Monday, December 15, 2008

A nation driven by luck

You may have noticed that the Spanish are obsessed with lotteries. Apart from the blue shops that specialise in lotteries (Loterias y Apuestas del Estado), sellers roam the streets and bars offering tickets.

There are four different games to play throughout the week: La Loteria Nacional is played every Thursday and Saturday; the Bonoloto, is drawn every Monday, Tuesday, Wednesday and Friday; la Primitiva, is drawn every Thursday and Saturday and the large jackpot, El Gordo de la Primitiva, is drawn every Sunday.

Then there is the ONCE (Organizacion Nacional de Ciegos Españoles) lottery. Tickets for this are sold in the green kiosks. This is drawn daily with a larger jackpot on Fridays and Sundays. There are also special tickets for a monthly draw. The good thing about this lottery is that sale of the tickets provides useful income for thousands of disabled Spaniards.

Of all the different lotteries though, the best known is 'El Gordo' - the fat one at Christmas. El Gordo is a national obsession - with an incredible 98% of the population taking part in the draw which takes place on December 22nd. Numbers for El Gordo are prized, even reserved and passed down through generations.

Part of the reason so many play El Gordo , and the reason for it being one of the most famous lotteries in the world is due to the massive prize fund. Normally this is well over a billion Euros, with a jackpot of 20 million Euros. And you do have around 1-in-3 chance of picking up a prize as there are so many smaller prizes paid out, 30 to 40 thousand of them!

El Gordo tickets are confusing to those used to e.g. the National Lottery in England. You don't pick numbers in the traditional way, instead you buy ready printed tickets with numbers already on them.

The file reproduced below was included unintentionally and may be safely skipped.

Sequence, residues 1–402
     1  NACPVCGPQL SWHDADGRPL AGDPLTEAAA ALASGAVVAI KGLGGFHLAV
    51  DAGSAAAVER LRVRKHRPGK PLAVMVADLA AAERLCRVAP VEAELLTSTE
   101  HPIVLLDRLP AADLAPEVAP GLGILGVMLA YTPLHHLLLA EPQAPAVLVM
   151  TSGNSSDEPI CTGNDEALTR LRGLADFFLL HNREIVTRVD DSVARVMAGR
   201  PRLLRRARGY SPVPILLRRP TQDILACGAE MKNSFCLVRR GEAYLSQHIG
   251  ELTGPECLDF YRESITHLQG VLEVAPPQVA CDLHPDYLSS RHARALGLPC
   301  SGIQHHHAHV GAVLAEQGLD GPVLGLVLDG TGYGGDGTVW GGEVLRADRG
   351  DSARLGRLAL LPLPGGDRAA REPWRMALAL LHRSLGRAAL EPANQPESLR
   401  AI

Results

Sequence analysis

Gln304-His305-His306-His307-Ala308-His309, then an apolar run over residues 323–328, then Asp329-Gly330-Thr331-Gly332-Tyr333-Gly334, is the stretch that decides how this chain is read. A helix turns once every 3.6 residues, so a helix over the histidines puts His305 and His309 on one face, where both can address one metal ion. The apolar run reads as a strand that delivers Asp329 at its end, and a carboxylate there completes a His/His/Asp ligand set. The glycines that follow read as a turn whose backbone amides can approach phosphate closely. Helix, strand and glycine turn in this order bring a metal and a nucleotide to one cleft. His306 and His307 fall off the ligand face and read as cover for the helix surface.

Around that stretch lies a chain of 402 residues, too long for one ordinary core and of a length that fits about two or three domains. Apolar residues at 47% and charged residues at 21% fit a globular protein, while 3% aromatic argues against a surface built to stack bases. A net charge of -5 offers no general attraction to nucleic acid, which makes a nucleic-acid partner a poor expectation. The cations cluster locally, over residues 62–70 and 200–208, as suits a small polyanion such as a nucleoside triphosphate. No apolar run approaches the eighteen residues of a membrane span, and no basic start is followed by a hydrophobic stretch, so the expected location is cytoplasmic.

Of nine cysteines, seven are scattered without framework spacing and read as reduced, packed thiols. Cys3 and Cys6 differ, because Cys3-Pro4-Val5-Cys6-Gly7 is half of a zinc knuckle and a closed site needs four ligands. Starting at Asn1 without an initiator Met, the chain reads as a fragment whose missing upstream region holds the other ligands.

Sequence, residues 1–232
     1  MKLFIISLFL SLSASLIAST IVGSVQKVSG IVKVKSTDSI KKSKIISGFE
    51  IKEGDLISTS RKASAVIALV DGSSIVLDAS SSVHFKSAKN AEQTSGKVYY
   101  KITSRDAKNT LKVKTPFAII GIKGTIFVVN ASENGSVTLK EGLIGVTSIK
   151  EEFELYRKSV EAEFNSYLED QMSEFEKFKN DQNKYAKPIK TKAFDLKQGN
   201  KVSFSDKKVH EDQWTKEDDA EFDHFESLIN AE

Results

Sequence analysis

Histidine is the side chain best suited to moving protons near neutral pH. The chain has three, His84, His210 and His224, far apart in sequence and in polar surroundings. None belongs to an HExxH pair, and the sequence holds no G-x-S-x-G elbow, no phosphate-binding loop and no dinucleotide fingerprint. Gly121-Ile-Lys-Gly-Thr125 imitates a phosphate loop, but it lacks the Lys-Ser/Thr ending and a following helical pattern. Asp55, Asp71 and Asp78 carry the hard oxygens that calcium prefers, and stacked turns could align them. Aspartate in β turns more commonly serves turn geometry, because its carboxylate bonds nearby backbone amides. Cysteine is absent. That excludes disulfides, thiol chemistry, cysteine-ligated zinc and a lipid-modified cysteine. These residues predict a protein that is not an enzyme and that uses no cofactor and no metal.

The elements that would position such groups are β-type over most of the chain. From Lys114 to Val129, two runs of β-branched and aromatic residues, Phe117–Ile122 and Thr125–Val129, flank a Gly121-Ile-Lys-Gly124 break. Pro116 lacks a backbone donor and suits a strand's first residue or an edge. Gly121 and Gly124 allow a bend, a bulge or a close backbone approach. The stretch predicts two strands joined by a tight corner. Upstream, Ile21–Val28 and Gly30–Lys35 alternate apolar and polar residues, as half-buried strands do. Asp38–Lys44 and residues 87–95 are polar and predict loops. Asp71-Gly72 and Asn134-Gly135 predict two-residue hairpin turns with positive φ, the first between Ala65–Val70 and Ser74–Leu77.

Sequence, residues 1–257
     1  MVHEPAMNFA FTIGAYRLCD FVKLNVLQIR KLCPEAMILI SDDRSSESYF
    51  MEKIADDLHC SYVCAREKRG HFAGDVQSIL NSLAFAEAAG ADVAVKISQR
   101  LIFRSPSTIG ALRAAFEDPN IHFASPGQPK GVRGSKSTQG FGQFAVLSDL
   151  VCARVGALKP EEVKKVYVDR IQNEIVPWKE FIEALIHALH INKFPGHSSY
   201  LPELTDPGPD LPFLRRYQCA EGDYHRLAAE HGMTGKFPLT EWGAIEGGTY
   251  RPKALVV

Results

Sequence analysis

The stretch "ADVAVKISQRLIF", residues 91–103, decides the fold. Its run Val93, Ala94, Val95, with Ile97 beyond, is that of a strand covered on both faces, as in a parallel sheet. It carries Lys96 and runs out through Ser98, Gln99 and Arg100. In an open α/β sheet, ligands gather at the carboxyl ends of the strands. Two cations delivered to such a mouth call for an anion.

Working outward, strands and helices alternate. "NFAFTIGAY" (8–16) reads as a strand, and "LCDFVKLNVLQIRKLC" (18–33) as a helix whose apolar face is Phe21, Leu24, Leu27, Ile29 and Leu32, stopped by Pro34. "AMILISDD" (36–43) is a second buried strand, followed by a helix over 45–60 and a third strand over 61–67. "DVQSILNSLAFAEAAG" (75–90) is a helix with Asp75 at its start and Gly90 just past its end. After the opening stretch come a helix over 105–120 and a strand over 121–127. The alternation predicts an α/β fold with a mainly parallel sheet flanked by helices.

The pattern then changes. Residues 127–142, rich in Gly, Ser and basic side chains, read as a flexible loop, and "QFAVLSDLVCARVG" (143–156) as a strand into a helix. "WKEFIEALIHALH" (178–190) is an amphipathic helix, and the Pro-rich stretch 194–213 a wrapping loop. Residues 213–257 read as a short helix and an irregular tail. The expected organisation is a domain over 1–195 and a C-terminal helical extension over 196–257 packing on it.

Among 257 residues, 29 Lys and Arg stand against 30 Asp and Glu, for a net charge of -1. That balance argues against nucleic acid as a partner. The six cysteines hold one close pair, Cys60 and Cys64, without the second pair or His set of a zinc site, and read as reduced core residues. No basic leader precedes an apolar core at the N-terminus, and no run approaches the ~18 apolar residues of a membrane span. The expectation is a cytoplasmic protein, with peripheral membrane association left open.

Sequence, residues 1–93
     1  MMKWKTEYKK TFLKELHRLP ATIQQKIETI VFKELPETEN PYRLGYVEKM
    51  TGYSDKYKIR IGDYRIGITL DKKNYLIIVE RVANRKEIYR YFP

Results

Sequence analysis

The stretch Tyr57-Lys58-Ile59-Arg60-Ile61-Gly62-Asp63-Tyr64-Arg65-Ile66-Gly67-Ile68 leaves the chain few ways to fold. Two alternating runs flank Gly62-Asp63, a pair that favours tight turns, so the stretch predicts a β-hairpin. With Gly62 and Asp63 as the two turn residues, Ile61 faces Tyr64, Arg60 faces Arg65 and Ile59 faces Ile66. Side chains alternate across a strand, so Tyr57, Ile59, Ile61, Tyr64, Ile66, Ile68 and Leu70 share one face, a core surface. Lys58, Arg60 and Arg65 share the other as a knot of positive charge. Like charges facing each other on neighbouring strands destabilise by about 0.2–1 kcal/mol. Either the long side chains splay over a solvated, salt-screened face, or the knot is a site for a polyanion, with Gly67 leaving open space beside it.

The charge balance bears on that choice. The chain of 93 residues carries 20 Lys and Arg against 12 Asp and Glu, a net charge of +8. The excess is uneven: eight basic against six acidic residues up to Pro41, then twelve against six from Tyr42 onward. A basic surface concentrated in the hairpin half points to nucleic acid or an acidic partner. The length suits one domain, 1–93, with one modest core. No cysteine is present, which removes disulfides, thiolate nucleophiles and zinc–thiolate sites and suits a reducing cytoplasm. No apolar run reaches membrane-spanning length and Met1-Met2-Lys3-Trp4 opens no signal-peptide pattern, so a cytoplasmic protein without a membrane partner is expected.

Each ticket number is available in 10 'series' - that is, 10 lots of the same ticket number. El Gordo tickets are roughly the size of a sheet of paper, and are also split into 10 smaller tickets called 'decimas'. You can buy either the whole ticket of 10 decimas, or you can buy just part of the ticket. The amount of the prize you win obviously depends on how many decimas you bought. To win the entire prize allocated to any particular number you would need to have bought the whole 100 decimas. At 20 Euros for a decima this would not be cheap. It is therefore common for families and friends, even entire Spanish villages to pool their lottery money together to buy up their decimas and then share the prize money. Each person may have a one or two euro stake in the tickets.

It's also common to spread purchases buying a single decima across multiple different lottery ticket numbers which gives a better chances of winning in exchange for a smaller piece of the prize.

The draw, when it take place, is a very elaborate affair; broadcast on TV and watched by millions in homes and bars. Balls for all the numbers are placed in a huge machine and are drawn one by one with children singing the numbers as they come out. A second machine is used to allocate the prizes. With thousands of prizes to be won and about 85,000 numbers to be drawn from, this is a long process. When the big prizes keep people waiting until late in the draw, the suspense becomes electrifying.

For those who don't "touch" on El Gordo, there is a smaller second draw, El Niño, held on 6th January with a top prize in each series of 2 million €.

No comments: